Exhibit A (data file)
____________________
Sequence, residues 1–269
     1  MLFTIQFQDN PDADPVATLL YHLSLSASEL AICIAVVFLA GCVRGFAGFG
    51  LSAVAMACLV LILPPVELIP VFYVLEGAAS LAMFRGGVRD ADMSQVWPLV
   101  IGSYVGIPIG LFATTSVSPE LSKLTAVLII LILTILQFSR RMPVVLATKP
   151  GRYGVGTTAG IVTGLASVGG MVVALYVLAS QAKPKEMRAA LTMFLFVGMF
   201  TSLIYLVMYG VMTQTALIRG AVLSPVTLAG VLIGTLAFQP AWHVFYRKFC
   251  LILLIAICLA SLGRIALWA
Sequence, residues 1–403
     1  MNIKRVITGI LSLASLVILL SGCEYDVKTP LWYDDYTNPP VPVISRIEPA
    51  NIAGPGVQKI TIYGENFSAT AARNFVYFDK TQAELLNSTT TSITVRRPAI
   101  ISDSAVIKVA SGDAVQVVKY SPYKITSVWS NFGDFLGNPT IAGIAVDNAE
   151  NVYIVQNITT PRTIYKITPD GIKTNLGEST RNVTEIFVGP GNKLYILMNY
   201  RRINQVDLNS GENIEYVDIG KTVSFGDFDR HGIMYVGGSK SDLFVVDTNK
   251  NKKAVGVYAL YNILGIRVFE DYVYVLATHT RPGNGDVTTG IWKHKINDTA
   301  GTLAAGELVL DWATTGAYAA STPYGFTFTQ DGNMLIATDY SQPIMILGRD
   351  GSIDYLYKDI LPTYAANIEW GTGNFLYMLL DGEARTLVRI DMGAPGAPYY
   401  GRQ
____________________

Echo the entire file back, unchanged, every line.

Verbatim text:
Sequence, residues 1–269
     1  MLFTIQFQDN PDADPVATLL YHLSLSASEL AICIAVVFLA GCVRGFAGFG
    51  LSAVAMACLV LILPPVELIP VFYVLEGAAS LAMFRGGVRD ADMSQVWPLV
   101  IGSYVGIPIG LFATTSVSPE LSKLTAVLII LILTILQFSR RMPVVLATKP
   151  GRYGVGTTAG IVTGLASVGG MVVALYVLAS QAKPKEMRAA LTMFLFVGMF
   201  TSLIYLVMYG VMTQTALIRG AVLSPVTLAG VLIGTLAFQP AWHVFYRKFC
   251  LILLIAICLA SLGRIALWA
Sequence, residues 1–403
     1  MNIKRVITGI LSLASLVILL SGCEYDVKTP LWYDDYTNPP VPVISRIEPA
    51  NIAGPGVQKI TIYGENFSAT AARNFVYFDK TQAELLNSTT TSITVRRPAI
   101  ISDSAVIKVA SGDAVQVVKY SPYKITSVWS NFGDFLGNPT IAGIAVDNAE
   151  NVYIVQNITT PRTIYKITPD GIKTNLGEST RNVTEIFVGP GNKLYILMNY
   201  RRINQVDLNS GENIEYVDIG KTVSFGDFDR HGIMYVGGSK SDLFVVDTNK
   251  NKKAVGVYAL YNILGIRVFE DYVYVLATHT RPGNGDVTTG IWKHKINDTA
   301  GTLAAGELVL DWATTGAYAA STPYGFTFTQ DGNMLIATDY SQPIMILGRD
   351  GSIDYLYKDI LPTYAANIEW GTGNFLYMLL DGEARTLVRI DMGAPGAPYY
   401  GRQ